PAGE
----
Cafetier dynasty Diglas opens delicatessen store

The vending machine in a niche of the Gersthof market will remain. This means that the residents of the neighborhood can continue to stock up on food there on Sundays or at late hours. Otherwise, however, everything is different at this corner of the market.

The sliding door of the former Bauer butcher shop, the inventor of the food vending machine, is covered with opaque film. Workmen go in and out, suppliers put down boxes. “The sign at the entrance reads “Diglas am Markt – Coming soon.

This “soon” is already in a few days: on March 8, Markus and Elisabeth Schneider-Diglas will open a delicatessen with an attached roastery in the store.

The dynasty of innkeepers is thus venturing into uncharted territory: The family members run a total of seven cafés and restaurants in Vienna and brew beer. But they have not yet tried their hand at retailing.

The reason to change this was the retirement of butcher Josef Bauer. He closed his traditional store in November and handed it over to the Schneider-Diglas couple.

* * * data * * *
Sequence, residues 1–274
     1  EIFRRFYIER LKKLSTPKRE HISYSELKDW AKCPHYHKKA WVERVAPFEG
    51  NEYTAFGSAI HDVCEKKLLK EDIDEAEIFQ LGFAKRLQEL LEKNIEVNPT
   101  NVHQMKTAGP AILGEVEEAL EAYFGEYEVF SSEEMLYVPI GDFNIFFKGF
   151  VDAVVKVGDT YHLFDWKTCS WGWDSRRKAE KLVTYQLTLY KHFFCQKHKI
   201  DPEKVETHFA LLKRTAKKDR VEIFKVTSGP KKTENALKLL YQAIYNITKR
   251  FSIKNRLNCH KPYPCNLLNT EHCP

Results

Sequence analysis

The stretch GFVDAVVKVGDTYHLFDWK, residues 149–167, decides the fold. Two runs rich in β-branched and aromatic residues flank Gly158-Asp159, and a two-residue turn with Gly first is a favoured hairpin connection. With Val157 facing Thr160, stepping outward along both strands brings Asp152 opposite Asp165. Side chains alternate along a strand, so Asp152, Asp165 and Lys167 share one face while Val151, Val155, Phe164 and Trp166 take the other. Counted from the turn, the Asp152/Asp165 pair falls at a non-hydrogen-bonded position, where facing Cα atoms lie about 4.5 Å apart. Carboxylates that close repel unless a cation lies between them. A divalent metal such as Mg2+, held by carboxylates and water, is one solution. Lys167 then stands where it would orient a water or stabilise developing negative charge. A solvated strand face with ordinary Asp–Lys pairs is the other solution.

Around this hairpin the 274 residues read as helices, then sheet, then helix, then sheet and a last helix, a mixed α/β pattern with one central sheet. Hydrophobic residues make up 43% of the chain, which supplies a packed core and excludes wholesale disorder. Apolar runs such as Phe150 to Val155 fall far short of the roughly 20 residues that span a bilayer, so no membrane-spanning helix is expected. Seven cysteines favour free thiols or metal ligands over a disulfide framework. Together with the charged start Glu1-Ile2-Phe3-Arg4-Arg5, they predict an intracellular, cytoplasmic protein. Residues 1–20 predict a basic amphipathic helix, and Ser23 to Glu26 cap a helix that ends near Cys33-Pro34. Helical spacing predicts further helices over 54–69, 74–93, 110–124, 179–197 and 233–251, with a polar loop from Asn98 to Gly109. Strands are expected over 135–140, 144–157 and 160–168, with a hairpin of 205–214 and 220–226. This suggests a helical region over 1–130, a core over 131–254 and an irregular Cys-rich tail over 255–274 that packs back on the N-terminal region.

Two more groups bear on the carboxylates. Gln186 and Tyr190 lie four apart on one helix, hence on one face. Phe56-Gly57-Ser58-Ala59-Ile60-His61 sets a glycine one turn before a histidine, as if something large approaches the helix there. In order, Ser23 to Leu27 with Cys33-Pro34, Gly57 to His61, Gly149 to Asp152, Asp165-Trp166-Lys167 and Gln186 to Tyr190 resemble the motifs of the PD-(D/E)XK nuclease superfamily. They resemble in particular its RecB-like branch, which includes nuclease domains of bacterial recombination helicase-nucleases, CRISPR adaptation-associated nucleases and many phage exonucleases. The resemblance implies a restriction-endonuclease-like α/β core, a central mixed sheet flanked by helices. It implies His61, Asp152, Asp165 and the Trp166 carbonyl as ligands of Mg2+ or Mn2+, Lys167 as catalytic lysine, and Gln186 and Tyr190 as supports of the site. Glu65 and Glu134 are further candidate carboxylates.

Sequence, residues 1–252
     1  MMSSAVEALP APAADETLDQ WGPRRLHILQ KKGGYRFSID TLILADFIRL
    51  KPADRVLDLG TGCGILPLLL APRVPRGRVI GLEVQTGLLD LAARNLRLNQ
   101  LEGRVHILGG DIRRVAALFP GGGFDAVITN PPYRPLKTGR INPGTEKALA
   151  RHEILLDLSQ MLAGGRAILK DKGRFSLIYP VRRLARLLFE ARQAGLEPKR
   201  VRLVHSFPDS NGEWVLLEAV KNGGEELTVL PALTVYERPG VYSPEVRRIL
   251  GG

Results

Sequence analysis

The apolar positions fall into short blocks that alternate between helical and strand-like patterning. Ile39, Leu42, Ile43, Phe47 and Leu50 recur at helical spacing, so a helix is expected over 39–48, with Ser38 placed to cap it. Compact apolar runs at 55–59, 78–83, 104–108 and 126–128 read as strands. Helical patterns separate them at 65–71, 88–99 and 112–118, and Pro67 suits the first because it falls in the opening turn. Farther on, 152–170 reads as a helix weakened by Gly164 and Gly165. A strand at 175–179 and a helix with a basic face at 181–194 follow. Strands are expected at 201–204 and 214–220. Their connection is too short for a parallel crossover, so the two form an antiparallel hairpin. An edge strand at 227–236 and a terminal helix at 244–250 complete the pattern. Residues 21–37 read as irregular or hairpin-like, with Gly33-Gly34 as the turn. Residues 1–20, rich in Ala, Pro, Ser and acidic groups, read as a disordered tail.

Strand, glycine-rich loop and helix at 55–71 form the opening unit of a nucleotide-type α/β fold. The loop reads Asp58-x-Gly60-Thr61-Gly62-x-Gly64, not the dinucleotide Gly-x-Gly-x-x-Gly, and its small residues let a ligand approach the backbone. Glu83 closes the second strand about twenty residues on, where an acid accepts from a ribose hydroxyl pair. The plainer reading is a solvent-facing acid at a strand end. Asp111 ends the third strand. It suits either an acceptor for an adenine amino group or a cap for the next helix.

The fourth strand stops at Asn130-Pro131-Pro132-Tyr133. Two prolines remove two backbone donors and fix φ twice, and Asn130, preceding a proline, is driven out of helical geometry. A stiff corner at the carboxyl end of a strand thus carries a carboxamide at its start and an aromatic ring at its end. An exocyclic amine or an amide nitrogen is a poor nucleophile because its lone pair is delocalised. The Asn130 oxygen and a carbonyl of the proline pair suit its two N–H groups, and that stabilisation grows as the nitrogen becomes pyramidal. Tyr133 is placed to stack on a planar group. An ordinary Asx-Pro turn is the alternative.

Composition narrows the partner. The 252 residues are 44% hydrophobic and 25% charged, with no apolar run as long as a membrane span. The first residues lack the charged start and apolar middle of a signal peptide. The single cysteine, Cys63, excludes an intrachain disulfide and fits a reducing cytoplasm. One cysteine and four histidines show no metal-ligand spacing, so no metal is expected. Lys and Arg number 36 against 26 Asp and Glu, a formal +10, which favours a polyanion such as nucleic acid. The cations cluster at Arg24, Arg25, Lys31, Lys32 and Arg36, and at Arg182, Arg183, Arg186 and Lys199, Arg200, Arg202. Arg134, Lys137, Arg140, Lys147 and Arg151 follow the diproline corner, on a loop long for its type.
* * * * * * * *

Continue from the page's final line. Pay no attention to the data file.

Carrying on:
Since then, a lot of rebuilding has been done: “Except for the walls, we’ve redone everything,” says Markus Schneider-Diglas during the KURIER local inspection.

Sandwiches and raw

At present, we can only guess what the store will ultimately look like. Its centerpiece, the large counter, is still empty.

It will only be filled with fresh produce when it opens. On the left, pastries from the family’s own bakery and sourdough baguettes with toppings. In the middle with ham (serrano, prosciutto) and cheese (such as truffle brie). And on the right with raw meat and meat loaf.

The meat products are mostly purchased from producers that were already trusted by Butcher Bauer. In addition, there are some new ones: for example, the Waldviertel company Schober or the butcher Höllerschmid from the Kamptal. In addition, there are eggs, milk, bread and durable goods.

Some of the latter have already been put on the shelves along the walls: bottles of ketchup from Donaustadt (from “Blün”), metal boxes with spices from Graz (from “Van den Berg”) and miso paste from Wolkersdorf (from “Genusskoarl”).

You can tell: organic and local is important here. “That’s what people want. Corona has promoted that,” says Elisabeth Schneider-Diglas.

From from 03/04/2022, by Stefanie Rachbauer

    Your cart is emptyBack to Onlineshop